Previously, I have written on whether you can get compensatory and punitive damages in ADA retaliation claims. That particular blog entry despite its title was restricted to title I claims of the ADA. That is, claims arising from employment. But what about title II claims of the ADA. That is, a retaliation claim arising from a situation where a governmental entity retaliates against someone who is advocating for the governmental entity to do the right thing so to speak for a person with a disability. As we are about to find out, you wind up with a different answer with respect to whether compensatory damages are available for retaliation claims based on title II of the ADA , though, for different reasons, you do wind up with the same answer that punitive damages are not available for retaliation claims based on title II of the ADA. As is typical with my blog entries, this particular blog entry is divided into three sections: facts, court’s reasoning, and takeaways. The reader is free to concentrate on any or all of the sections, though considering that this blog entry is on the short side for my blog entries, you will probably wind up reading all of it:-)
You might ask how might you see a retaliation claim in the context of title II. Lee v. Natomas Unified School District, 2015 U.S. Dist. LEXIS 24253 (E.D. Cal. February 27, 2015), is such a case. In that case, the plaintiff had a child that was found through a psycho-educational assessment to have a disability falling along the autism spectrum. The plaintiff was not at all happy with that determination. After that, the plaintiff became quite aggressive with trying to get the school district to change the classification. The school district took umbrage at the plaintiff’s efforts, including ultimately seeking a series of injunctions that would have effectively barred him from the school’s campus. The plaintiff files a retaliation claim alleging violations of § 504 the Rehabilitation Act and title II of the ADA.
There is a section of the opinion talking about how do you make a prima facie case out with respect to retaliation claims, and I commend that to your reading. However, for our purposes I want to focus on the damages section of the case. With respect to the damages section of the case, in finding that compensatory damages but not punitive damages are allowed for retaliation claims under title II of the ADA, the court reasoned as follows:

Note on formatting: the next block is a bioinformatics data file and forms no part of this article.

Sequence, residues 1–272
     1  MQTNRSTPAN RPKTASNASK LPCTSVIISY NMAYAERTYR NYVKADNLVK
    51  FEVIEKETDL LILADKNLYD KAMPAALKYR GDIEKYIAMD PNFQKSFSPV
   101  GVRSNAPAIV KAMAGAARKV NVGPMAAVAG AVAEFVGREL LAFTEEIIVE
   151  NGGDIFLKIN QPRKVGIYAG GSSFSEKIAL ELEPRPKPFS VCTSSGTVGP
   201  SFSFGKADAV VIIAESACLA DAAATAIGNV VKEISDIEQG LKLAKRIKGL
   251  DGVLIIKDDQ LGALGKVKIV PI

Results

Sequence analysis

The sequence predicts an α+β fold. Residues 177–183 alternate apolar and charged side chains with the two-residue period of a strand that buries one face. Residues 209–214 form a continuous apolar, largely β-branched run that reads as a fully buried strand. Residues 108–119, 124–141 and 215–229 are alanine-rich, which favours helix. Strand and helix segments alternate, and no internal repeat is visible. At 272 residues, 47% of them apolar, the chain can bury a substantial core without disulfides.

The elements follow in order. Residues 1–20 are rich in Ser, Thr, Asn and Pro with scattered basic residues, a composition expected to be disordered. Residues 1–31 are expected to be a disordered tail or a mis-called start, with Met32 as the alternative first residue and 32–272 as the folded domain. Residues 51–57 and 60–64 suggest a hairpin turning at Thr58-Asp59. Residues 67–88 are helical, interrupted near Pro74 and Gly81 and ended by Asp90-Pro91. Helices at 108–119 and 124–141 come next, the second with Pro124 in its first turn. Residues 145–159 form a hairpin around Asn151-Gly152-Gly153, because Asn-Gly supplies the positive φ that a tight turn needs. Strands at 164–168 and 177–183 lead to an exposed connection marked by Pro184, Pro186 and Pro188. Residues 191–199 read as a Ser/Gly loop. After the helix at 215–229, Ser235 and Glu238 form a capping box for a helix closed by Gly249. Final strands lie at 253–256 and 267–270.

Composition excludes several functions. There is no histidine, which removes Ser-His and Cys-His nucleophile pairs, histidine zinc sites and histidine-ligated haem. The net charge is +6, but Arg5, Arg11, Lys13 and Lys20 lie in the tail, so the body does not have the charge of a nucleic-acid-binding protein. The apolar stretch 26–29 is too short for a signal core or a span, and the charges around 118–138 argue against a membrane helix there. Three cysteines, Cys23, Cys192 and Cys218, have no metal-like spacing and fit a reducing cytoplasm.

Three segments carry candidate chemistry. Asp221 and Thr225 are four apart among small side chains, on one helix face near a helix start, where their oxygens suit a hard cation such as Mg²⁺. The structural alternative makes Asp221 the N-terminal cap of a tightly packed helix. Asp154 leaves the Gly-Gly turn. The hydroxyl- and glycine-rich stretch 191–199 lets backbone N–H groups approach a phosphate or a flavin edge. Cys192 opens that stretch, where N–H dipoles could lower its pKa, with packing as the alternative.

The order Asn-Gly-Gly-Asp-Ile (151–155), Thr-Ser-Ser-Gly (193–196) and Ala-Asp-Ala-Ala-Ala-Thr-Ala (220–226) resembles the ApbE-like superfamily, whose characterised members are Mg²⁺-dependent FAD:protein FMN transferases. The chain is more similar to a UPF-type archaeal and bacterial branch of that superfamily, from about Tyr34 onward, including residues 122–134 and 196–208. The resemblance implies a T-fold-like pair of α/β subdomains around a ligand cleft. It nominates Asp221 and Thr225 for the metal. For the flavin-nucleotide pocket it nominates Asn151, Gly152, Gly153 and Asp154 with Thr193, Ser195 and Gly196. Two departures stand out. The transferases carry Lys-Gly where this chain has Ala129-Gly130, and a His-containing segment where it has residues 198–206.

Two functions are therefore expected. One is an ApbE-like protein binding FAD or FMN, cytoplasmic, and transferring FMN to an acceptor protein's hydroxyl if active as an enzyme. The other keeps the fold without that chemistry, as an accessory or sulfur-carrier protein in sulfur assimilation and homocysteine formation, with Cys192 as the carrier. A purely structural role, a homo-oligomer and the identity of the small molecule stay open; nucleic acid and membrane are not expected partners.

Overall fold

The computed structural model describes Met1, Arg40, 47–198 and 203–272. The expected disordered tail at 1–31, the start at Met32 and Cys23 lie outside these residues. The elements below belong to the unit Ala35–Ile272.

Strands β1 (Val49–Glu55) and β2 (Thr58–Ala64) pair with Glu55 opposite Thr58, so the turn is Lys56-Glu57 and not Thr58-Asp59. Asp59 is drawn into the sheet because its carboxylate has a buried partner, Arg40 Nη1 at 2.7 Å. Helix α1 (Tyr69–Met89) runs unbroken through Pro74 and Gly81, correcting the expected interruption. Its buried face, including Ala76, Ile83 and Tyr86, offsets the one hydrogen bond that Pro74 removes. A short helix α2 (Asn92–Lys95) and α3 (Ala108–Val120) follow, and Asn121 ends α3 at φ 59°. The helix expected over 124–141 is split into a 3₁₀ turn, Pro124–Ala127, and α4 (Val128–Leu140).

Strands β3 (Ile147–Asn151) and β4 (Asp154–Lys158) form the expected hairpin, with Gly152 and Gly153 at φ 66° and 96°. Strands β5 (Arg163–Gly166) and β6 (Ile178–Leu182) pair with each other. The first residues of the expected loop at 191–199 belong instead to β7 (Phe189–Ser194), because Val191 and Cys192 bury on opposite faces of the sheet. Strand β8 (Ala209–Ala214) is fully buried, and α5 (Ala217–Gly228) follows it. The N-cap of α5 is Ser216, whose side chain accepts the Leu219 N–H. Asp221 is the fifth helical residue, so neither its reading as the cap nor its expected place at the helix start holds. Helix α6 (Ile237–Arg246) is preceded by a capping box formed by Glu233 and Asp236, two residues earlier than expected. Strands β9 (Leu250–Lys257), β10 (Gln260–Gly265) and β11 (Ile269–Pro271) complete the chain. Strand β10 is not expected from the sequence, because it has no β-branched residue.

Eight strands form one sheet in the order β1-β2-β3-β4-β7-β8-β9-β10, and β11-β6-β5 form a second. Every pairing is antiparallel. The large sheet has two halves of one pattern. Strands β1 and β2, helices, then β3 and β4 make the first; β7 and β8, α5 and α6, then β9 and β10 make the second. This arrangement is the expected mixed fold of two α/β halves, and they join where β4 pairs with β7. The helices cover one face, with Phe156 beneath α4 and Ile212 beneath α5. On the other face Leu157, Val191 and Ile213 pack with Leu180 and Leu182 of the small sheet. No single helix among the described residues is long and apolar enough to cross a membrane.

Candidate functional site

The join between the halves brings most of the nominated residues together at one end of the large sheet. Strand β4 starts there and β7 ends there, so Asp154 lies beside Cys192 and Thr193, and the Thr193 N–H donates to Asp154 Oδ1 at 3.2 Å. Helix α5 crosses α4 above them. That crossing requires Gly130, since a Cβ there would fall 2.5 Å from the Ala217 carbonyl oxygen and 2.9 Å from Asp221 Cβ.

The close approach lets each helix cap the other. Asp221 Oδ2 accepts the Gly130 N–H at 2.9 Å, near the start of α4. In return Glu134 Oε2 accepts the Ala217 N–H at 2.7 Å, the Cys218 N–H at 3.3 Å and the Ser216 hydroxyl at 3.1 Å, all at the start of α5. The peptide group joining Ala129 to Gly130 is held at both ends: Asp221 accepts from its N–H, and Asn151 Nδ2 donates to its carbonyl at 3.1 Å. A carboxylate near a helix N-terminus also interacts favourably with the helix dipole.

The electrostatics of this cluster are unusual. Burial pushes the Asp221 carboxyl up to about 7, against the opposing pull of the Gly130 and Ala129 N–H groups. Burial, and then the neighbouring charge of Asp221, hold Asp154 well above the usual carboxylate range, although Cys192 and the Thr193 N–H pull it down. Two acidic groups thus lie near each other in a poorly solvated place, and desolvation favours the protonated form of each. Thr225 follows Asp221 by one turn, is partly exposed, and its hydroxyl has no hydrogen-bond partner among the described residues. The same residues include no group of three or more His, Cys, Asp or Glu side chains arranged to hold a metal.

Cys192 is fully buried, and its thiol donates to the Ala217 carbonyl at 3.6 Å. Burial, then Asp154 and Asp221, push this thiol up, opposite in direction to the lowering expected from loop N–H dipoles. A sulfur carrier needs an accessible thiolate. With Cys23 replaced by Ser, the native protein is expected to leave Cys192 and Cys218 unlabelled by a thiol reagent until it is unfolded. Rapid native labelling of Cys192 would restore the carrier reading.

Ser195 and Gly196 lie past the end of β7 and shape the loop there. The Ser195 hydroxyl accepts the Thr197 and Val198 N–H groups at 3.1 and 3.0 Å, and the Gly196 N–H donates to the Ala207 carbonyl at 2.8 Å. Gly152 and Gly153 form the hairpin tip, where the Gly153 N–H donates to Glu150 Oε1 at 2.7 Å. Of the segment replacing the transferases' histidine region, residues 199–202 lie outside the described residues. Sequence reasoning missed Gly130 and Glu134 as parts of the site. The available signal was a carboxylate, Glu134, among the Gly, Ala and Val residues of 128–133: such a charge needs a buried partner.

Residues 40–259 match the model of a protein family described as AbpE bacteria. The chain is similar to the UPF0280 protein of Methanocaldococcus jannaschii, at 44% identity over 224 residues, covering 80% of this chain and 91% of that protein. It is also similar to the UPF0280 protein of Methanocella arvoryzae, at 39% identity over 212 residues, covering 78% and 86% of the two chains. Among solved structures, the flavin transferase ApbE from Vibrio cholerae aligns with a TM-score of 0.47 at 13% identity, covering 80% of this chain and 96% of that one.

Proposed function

1. Since remedies for violations of title II of the ADA and § 504 of the Rehabilitation Act are coextensive with each other and link to title VI of the Civil Rights Act of 1964, the ADA and the Rehabilitation Act remedies must be construed in the same manner applicable to remedies under title VI of the Civil Rights Act.
2. The ADA does have a retaliation provision. With respect to title II of the ADA, the remedies for retaliation link back to 42 U.S.C. § 12133. The remedies available under that section are coextensive with the remedies available in a private cause of action brought under title VI of the Civil Rights Act of 1964, which includes monetary damages.
3. Barnes v. Gorman, 536 U.S. 181 (2002), holds that when it comes to a private cause of action brought under title II of the ADA and § 504 of the Rehabilitation Act, only compensatory damages are allowed and not punitives because the remedies involving title VI of the Civil Rights Act are inherently contractual in nature and punitive damages are not allowed for breach of contract.
1. This case illustrates that there is a very important difference with respect to damages for retaliation claims depending upon the title of the ADA that is involved. As mentioned previously in the blog entry discussing compensatory and punitive damages with respect to a title I claims, title I retaliation claims relate back to 42 U.S.C. § 12117. If you play the string out in terms of where it leads, you wind up with the argument that compensatory and punitive damages are not available for retaliation claims under title I. As also mentioned in that blog entry, a contrary argument can be constructed. However, with title II retaliation claims, 42 U.S.C. §12203(c) specifically relates back to 42 U.S.C. § 12133, which if you follow that string out, takes you into title VI of the Civil Rights Act, which does allow, per case law, for compensatory damages.
2. Punitive damages are out for title II retaliation claims per Barnes v. Gorman, mentioned above.